On Monday, the court declined to hear a challenge to one of the last sex-based distinctions in federal law, which requires only men to register for the military draft. Opponents said the law cannot be justified now that women, like the Marine recruits above, are allowed to serve in every role in the military, including ground combat. The court gave no reasons for turning down the case, but three justices released a statement saying that Congress should have more time to consider the issue.

Justices also ruled unanimously that immigrants with “temporary protected status,” who came to the country without authorization and were allowed to stay temporarily for humanitarian reasons, may not apply for green cards. The decision could affect tens of thousands of people.

And in other legal news, the A.C.L.U. is split over whether its unwavering devotion to the First Amendment conflicts with ever more forceful progressive arguments that hate speech is a form of psychological and even physical violence.


6. Republicans are leaning into Donald Trump’s lie that he won the 2020 election.

Across the country, a group of Republican challengers are running on the “Stop the Steal” fallacy, touted by protesters above. If elected, they would bring the G.O.P.’s assault on the legitimacy of elections — a bedrock of American democracy — to Congress.

7. White people often get more aid from FEMA after living through a disaster.

Last August, Hurricane Laura sent trees through the roofs of two modest, single-story homes about a dozen miles apart in Louisiana, causing almost identical damage.. One homeowner, a white man, initially received $17,000. The others, a Black couple, got $7,000.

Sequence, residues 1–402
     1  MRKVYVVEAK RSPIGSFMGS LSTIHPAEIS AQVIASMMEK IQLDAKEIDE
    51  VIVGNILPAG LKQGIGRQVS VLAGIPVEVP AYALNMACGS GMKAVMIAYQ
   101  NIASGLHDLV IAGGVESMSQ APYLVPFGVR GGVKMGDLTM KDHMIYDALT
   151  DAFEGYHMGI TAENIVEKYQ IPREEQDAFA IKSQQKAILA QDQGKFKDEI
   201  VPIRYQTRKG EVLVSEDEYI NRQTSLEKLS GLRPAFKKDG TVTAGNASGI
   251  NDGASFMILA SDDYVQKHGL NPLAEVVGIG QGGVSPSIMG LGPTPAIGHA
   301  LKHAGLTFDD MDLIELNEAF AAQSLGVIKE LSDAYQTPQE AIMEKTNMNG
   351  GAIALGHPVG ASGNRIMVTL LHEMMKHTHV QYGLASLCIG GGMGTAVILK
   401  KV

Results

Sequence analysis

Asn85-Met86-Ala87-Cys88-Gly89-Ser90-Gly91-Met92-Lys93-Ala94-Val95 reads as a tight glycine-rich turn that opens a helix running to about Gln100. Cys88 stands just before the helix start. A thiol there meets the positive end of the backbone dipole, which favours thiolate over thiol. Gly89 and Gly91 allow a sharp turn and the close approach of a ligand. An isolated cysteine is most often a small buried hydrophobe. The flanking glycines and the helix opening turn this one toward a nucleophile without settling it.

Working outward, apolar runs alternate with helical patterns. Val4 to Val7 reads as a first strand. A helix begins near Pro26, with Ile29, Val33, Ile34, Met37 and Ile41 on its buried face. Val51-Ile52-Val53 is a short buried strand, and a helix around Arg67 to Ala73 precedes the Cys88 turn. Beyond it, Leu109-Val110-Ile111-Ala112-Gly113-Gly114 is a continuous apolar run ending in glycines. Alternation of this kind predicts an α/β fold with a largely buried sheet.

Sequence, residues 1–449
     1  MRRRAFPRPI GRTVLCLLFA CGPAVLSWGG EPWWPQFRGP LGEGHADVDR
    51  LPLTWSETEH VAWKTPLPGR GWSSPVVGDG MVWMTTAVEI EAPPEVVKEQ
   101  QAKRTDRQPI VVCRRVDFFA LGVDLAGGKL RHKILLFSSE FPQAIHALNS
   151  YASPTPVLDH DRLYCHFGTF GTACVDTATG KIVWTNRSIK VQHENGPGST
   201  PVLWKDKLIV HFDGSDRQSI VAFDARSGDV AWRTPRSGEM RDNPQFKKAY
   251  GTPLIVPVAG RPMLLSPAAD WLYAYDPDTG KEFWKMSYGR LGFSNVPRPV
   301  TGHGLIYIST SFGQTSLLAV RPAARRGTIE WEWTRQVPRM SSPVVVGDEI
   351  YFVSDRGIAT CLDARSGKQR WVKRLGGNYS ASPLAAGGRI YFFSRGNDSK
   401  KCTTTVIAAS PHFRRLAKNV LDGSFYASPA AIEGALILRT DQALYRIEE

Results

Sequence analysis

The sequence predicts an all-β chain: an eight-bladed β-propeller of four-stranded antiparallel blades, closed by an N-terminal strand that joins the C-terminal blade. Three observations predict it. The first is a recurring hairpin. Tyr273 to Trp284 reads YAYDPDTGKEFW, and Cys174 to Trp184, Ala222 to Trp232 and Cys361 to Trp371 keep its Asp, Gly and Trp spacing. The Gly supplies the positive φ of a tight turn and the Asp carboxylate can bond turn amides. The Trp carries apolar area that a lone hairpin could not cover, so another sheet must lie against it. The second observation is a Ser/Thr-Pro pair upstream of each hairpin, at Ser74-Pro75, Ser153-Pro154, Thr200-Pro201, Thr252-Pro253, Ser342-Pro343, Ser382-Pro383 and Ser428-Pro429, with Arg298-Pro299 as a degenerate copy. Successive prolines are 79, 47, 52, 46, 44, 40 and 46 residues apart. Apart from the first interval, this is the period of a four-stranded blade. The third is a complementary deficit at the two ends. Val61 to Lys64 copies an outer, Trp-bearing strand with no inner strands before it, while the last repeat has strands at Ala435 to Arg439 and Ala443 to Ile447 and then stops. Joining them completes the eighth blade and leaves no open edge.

A growing body of research shows this outcome happens often, and the impact is long-lasting. Whiter communities often get more aid than Black ones, too, which further widens wealth gaps. The disparities are a challenge for President Biden, who has vowed to tackle both racial inequality and climate change.

On Monday, Indigenous people and environmentalists turned up the heat when they protested a $9 billion pipeline that would carry oil from Canada across Minnesota and tribal lands. The police have arrested more than 70 people since construction began on Dec. 1.

8. Canadian flags were put at half-staff after the remains of 215 Indigenous children were discovered at a mass burial site at the Kamloops Indian Residential School.

Impromptu memorials of children’s moccasins or shoes, like the one above, have also sprung up throughout the country, including one in front of Parliament. Chief Rosanne Casimir of the Tk’emlups te Secwepemc said she expected searchers to find more remains.

Canada forced an estimated 150,000 Indigenous children to attend residential schools from around 1883 to 1996. The leader of a commission established in 2015 now believes “well beyond 10,000” children died or disappeared; the commission’s estimate was 4,100.


9. Jeff Bezos is going to space. He may even come back.

The Amazon gazillionaire, above, will be on board when his rocket company, Blue Origin, conducts its first human spaceflight on July 20. He’s bringing his brother Mark, and the company is auctioning off a passenger seat. Bidding has reached $2.8 million.

Once home, he’ll adjust to a life change: He’s stepping down as the chief executive of Amazon on July 5 to focus more on projects like Blue Origin.


10. And finally, a true test of Italian pizza.

Rome has long been a pizza city. Now, it’s a pizza vending machine city, too. A new outpost, Mr. Go, makes a steaming pizza from scratch in three minutes, no human contact required.

Traditional pizza makers have sniffed at the interloper, as have food bloggers. But times are changing and customers, like the man above, are curious. Mr. Go is hardly the only pizza vending machine around, supermarkets stock frozen pies and Domino’s is opening new Italian locations.

Dario Cuomo, a screenwriter, recently ventured a taste. “Not bad,” he said, “considering it was made by a robot.”